Seven characteristics of a great survey topic

The centerpiece of your survey project is the topic you cover. With a compelling topic, you can influence clients, contribute knowledge and answers to tough problems, and build your business. If your topic is repetitive or irrelevant, you're simply wasting your time. Find topics that hit the mark.

Review industry publications, local newspapers, and the Internet for ideas and interesting new angles. Interview your clients on the topics they'd like to see covered. Review the surveys that are currently underway so you don't repeat them. Consult with academicians, industry association executives, civic leaders, and even politicians. From these interviews, you'll develop a great list of potential topics.

Sort through your list and apply the following seven criteria to find a topic your market will respond to favorably:

1. Uniqueness: Is it different? Does the topic offer information on a new area or a new slant on an existing subject? Is it a compelling and valuable subject that would make readers pick up the survey report and read it? Resist creating another consumer price index.

2. Popular demand: Use your market research to determine whether demand exists for the topic. Remember the survey is not for you, but for your clients and others.

3. Practicality: The worst response you can get to a survey report is, "Oh, that's nice." If you are planning to use the survey for clients, give them findings that can guide their future actions. Make the results usable and actionable (for example, that 75 percent of the survey respondents are changing their mobile computing strategies). Many companies will be interested in that trend.

4. Understandable data: Some survey topics are too complex or narrow because they try to gather every possible shred of data. Make your survey easy to grasp, topical, and don't require respondents to go through training to fill it out. Make it simple and you'll get a higher and faster response rate.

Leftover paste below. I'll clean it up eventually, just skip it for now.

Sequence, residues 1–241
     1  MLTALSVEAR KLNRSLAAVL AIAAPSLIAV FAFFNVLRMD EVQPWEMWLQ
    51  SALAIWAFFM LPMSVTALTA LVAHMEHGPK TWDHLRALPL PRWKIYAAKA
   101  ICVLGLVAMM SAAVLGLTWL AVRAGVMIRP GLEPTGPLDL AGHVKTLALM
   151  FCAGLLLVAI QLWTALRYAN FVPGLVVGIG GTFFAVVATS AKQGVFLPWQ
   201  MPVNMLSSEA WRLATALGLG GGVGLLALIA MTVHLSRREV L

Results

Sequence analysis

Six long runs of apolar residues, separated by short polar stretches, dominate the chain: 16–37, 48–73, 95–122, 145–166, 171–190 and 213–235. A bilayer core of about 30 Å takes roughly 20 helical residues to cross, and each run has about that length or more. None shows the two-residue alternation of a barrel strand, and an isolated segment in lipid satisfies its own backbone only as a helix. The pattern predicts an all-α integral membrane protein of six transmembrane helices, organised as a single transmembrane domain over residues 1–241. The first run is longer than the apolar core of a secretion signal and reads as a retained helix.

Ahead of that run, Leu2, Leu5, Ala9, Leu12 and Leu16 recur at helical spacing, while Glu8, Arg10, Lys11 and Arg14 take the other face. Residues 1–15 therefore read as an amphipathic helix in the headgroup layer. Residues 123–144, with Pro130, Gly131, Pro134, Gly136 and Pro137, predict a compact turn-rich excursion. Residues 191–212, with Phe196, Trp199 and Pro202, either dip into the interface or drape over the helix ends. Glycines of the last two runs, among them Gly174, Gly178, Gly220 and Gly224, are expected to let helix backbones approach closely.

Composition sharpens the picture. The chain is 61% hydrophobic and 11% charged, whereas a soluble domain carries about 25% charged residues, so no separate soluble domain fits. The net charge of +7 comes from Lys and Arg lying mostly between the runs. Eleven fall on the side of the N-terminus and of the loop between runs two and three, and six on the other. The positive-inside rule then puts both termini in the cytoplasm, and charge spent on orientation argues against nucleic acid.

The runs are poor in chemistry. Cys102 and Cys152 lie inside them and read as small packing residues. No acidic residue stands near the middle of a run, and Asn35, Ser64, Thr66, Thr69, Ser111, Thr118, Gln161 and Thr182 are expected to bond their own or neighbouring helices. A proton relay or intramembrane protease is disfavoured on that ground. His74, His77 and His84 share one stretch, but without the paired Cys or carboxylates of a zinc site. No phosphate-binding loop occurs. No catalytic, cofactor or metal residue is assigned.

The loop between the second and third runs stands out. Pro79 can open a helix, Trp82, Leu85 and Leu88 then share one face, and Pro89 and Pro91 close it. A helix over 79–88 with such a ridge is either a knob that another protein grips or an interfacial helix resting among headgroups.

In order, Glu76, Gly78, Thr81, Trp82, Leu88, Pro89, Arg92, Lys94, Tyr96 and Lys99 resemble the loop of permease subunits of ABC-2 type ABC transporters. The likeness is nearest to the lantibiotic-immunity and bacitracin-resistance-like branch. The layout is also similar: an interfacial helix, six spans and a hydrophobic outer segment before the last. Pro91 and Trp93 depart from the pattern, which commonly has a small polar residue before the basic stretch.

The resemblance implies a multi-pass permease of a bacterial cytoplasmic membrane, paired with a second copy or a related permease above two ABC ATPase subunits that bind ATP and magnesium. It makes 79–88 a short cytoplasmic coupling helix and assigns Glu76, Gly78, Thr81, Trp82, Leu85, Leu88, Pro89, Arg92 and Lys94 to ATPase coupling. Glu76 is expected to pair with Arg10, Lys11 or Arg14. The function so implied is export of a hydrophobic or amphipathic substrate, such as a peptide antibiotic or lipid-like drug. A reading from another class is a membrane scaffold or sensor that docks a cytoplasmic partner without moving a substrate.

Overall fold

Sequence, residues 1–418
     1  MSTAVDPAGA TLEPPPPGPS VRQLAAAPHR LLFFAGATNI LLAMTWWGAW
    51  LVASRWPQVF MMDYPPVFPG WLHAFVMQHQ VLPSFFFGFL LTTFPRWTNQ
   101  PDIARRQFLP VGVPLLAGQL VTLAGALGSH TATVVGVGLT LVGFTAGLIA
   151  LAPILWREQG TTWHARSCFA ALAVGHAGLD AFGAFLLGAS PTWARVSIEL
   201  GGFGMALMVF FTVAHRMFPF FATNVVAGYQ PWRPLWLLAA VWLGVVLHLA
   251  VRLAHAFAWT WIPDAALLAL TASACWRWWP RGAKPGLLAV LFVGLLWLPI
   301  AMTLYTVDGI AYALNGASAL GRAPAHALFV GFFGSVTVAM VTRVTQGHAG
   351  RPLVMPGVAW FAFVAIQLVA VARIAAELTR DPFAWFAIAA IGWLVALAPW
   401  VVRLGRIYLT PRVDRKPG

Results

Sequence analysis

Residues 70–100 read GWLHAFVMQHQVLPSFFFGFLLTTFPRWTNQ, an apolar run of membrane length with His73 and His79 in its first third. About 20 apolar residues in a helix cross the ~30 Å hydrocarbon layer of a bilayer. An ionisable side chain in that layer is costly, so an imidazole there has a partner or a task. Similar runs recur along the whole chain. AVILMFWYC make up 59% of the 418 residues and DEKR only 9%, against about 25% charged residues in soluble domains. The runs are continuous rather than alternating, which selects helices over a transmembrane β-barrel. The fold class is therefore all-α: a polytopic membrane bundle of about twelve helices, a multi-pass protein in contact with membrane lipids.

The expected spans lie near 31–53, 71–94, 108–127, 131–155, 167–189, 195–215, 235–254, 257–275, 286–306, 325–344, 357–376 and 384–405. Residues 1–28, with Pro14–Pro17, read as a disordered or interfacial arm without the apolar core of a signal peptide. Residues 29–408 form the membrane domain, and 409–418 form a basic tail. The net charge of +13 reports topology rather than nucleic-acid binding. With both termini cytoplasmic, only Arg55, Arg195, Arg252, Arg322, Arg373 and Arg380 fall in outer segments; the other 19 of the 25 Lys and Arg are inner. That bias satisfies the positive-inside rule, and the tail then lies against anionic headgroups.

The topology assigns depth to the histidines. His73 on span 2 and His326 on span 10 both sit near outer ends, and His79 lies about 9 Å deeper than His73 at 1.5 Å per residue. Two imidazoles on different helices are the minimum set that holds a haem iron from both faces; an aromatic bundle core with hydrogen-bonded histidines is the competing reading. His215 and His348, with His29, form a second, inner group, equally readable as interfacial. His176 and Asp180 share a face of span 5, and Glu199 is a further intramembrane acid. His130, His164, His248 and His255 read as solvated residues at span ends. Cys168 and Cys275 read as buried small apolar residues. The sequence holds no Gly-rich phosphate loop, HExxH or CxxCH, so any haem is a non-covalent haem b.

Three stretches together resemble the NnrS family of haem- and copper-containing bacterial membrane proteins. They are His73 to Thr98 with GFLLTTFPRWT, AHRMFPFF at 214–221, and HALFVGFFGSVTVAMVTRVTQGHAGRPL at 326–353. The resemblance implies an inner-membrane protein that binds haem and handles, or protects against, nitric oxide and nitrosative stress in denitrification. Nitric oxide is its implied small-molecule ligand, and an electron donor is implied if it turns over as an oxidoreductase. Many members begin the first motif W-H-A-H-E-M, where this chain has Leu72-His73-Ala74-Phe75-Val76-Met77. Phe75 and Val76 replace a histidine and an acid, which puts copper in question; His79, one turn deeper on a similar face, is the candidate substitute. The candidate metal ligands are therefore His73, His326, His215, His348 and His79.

5. A focus on the future: Readers want to get a glimpse of the future, so give it to them. When you ask questions about the history of a specific process or practice (for example, outsourcing), also include questions about the respondent's plans for the future (you might ask whether the respondent plans to spend more, less, or the same funds on outsourcing next year).

Questions about the future give readers actionable items to consider, and the value of your survey franchise improves as a result. It also gives you an opportunity to measure how respondents acted when you obtain survey results in subsequent years.

6. Continuity: Choose a topic that lends itself to a recurrent survey. It will allow your clients to compare results on a year-to-year basis and understand how respondents are reacting to issues previously raised. The costs of a survey are higher in the first year than in subsequent years because of start-up expenses. As time passes, the survey process becomes easier and less costly. Plan to run your survey many consecutive years to gain economies of experience. Publishing your survey results annually also puts you in the limelight each year.

7. Targeted topic: Choose a topic of deep interest to your clients and target markets. Stay within your area of expertise so you will be a credible spokesperson on the nuances of the survey results.

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